Store bought mushrooms just aren’t quite the same as fresh ones right out of your yard. However, just like most gardening, growing mushrooms takes a bit of know how that many people don’t have. Learn how you, too, can grow fresh and delicious mushrooms for yourself.
Start by educating yourself on your different types of mushrooms. What goal do you have in mind? Do you like them for salads or soups? Do you want to steam them and eat them salted or stuffed? Different mushrooms will yield different results for you to decide. White button mushrooms are hardy and plentiful, and are great for salads and soups. Oyster mushrooms are more mild, and have a wonderful flavor that’s great for stir-fries and soups. Shiitake mushrooms are a more substantial mushroom, its smoky flavor makes it a great substitute for meat, which makes this one a vegan favorite.
Get Your Substrate
To grow mushrooms, you’ll need what’s called, “substrate” which is essentially a growing environment for the mushroom which you will inject with the mushroom spawn. Each type of mushroom has a different substrate. The easiest way to determine what you need is to purchase a mushroom growing kit, which comes with the substrate pre-mixed and ready to grow. The kit will come with a syringe and spawn, as well. Once you inject your substrate with your mushroom spawn, you’ll want to keep it warm, at about 70 degrees, for 2 weeks. Beyond that, drop the temperature and keep the mushroom in a cooler setting for the remainder of its growth.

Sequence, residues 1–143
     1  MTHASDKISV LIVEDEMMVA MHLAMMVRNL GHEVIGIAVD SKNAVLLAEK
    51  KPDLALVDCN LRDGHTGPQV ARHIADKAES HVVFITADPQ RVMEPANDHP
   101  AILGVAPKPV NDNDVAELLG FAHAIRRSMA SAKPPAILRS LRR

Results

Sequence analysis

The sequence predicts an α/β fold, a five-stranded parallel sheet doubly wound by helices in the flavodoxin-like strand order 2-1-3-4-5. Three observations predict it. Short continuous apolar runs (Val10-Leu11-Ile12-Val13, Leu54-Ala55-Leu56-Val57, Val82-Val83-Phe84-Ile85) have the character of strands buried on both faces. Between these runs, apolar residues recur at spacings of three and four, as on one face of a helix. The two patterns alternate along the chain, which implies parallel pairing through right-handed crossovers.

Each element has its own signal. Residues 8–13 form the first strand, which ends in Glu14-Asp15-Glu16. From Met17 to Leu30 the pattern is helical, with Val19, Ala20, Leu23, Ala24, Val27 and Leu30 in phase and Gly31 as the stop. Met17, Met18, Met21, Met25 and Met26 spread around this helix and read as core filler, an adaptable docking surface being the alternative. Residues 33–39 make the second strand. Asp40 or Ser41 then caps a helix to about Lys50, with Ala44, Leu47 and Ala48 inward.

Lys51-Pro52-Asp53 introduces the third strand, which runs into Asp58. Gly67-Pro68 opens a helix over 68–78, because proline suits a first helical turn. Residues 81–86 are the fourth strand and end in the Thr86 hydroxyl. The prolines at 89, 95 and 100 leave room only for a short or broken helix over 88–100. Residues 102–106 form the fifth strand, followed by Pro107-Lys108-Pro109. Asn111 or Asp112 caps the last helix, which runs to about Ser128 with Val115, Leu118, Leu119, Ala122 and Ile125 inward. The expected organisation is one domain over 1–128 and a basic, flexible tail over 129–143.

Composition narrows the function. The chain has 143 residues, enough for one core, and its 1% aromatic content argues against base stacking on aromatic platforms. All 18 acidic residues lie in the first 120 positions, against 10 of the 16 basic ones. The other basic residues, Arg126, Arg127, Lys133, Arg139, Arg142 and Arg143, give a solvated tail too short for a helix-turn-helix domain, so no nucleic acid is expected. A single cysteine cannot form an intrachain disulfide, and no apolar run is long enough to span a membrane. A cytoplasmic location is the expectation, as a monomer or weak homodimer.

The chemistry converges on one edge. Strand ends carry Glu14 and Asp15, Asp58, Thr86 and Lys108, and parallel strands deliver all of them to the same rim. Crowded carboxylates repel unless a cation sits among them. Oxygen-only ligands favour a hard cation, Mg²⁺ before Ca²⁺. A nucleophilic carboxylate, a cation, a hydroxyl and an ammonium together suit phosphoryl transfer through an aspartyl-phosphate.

Select Your Environment
Unlike other plants you’ll grow, mushrooms require dark, damp places. Find some good shade that stays generally moist. Your target temperature will be around 60 degrees, which means in some places they can be grown year round. Mushrooms also need lots of moisture. If you can plant them next to a stream or where there’s plenty of humidity, do it, as your crop will yield better results.
Keep it Covered for a While
Now that your mushroom has formed roots and you’ve found a great environment for it to grow in that meets the temperature, shade and moisture requirements, you’ll want to plant the mushroom underground and cover it with about an inch of soil. From there, cover the soil with a layer of newspaper or peat moss, something that will keep it moist but protect it from the elements or direct contact with water (like rain). Spritz the newspaper layer several times daily for at least 10 days. After 10 days, remove the paper. Continue misting the soil daily until you see your mushrooms begin to pop up.
Once your mushroom has grown to the size of your liking, pick it, wash it, and enjoy! What’s great is that most spawns will re-grow for more crops, meaning that you’ll yield twice what you grow each year.
Growing mushrooms isn’t complicated, it just requires a little research and a specific environment. Follow these guidelines, and you’ll have fresh mushrooms the use in your cooking in no time!